CLICK HERE TO PARTICIPATE
Deadline to participate: 3 October
Participating takes less than 10 minutes (we promise!) and in return you will be provided with a complimentary copy of the full results of the study. A $5 donation to UNICEF will be made for every completed set of responses, with your answers remaining strictly anonymous. For any questions, please email Nicole Douglas, head of investor research: firstname.lastname@example.org.
“China will scale up its Intended Nationally Determined Contributions by adopting more vigorous policies and measures. We call on all countries to pursue innovative, coordinated, green and open development for all”
China’s President Xi Jinping assumes a leadership position as he commits the world’s leading polluter to carbon neutrality by 2060
Dalmore dials up utilities expertise
Andrew Marsden, most recently managing director in CDPQ’s infrastructure investment team, has joined Dalmore Capital in a similar role, the London-based GP said. According to a statement by Dalmore, Marsden, who has more than 30 years’ experience in infrastructure investment, has “particular expertise” in utilities and energy assets. He has spent roughly half his career at GE Capital, most recently heading its European energy and utilities investment group, and led origination for EMEA and Latin America from 2015 to 2017. Dalmore said that in his new role he would “focus on originating, executing and managing low-risk, regulated investments”.
His skills should come in handy fairly soon. According to a source, Dalmore is eyeing a bid for Western Power Distribution, a UK utility put on the block by Pennsylvania-based PPL. Dalmore has declined to comment on a potential offer.
Sunsuper looks to the skies
Out of crisis comes opportunity, or so we’re told, and that’s ringing true for Australian superannuation fund Sunsuper.
Ian Patrick, the fund’s chief investment officer, told Investment Magazine that the downturn’s effect on the discount rates of harder-hit assets could make them attractive targets.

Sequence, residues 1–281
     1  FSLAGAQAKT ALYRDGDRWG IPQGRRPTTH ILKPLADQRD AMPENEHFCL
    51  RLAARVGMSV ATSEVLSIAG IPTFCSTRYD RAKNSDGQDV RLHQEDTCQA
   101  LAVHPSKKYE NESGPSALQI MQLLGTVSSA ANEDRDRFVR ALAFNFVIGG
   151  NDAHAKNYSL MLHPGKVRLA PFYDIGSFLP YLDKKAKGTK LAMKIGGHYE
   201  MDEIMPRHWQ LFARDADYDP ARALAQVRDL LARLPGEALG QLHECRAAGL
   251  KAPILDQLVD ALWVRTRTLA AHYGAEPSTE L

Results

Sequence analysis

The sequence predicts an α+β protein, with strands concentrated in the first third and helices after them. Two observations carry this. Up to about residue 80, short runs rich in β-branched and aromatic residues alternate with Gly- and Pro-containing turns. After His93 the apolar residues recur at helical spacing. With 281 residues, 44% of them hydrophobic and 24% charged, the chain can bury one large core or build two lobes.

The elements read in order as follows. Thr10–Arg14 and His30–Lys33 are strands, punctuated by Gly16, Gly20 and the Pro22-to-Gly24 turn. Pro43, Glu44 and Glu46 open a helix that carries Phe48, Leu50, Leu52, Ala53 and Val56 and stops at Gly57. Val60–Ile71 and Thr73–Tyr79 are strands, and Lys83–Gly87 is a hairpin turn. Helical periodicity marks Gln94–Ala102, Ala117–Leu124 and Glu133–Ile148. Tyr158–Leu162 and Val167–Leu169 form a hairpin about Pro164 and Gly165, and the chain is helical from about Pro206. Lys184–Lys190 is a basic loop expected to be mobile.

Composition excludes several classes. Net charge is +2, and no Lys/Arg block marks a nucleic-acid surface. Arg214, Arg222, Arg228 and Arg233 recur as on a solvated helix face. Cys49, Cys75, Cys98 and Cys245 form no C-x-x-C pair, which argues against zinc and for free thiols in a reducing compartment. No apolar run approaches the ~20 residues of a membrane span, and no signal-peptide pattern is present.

“Whilst those assets have appeared to be sub-par in terms of defensiveness through this period because of a hard stop on economic activity, if you look forward and we learn to live with and manage covid-19 – and eventually perhaps have a vaccine – those assets look pretty attractive given where they are valued today, particularly in relation to alternative defensive assets,” he said.
He argued that vehicles like Sunsuper can take a longer-term view on such assets, unlike GPs operating to specific fund terms.
Sunsuper has exposure to Brisbane Airport in Australia and Bristol and Birmingham Airports in the UK. It is also in merger talks with fellow Queensland-based fund QSuper, an investor in London’s Heathrow Airport.
OMERS, OTPP switch off smart meters after three years
The Ontario Municipal Employees Retirement System, the Ontario Teachers’ Pension Plan and utility SSE have sold their interests in UK smart meter group MapleCo to Equitix, three years after setting up the business.
MapleCo was formed with the intention of installing at least 2.7 million smart meters across the UK, as part of the government’s then target of having the devices installed in every home and business by 2020.
MapleCo has to date installed 1.6 million meters, while the UK government’s target was pushed back to 2024. Figures from the end of June showed 21.5 million smart meters operating in the UK, while covid-19 lockdowns meant just 135,000 devices were installed in Q2, compared with 980,000 in Q1.
Disposals are not that common for the pension duo and neither commented on the reasons behind the sale. Perhaps Equitix, investing through 25-year funds, may find its model more akin to the progress of the installations.
Subscribe now and get The Pipeline delivered to your inbox each week. To find out how, email our team: email@example.com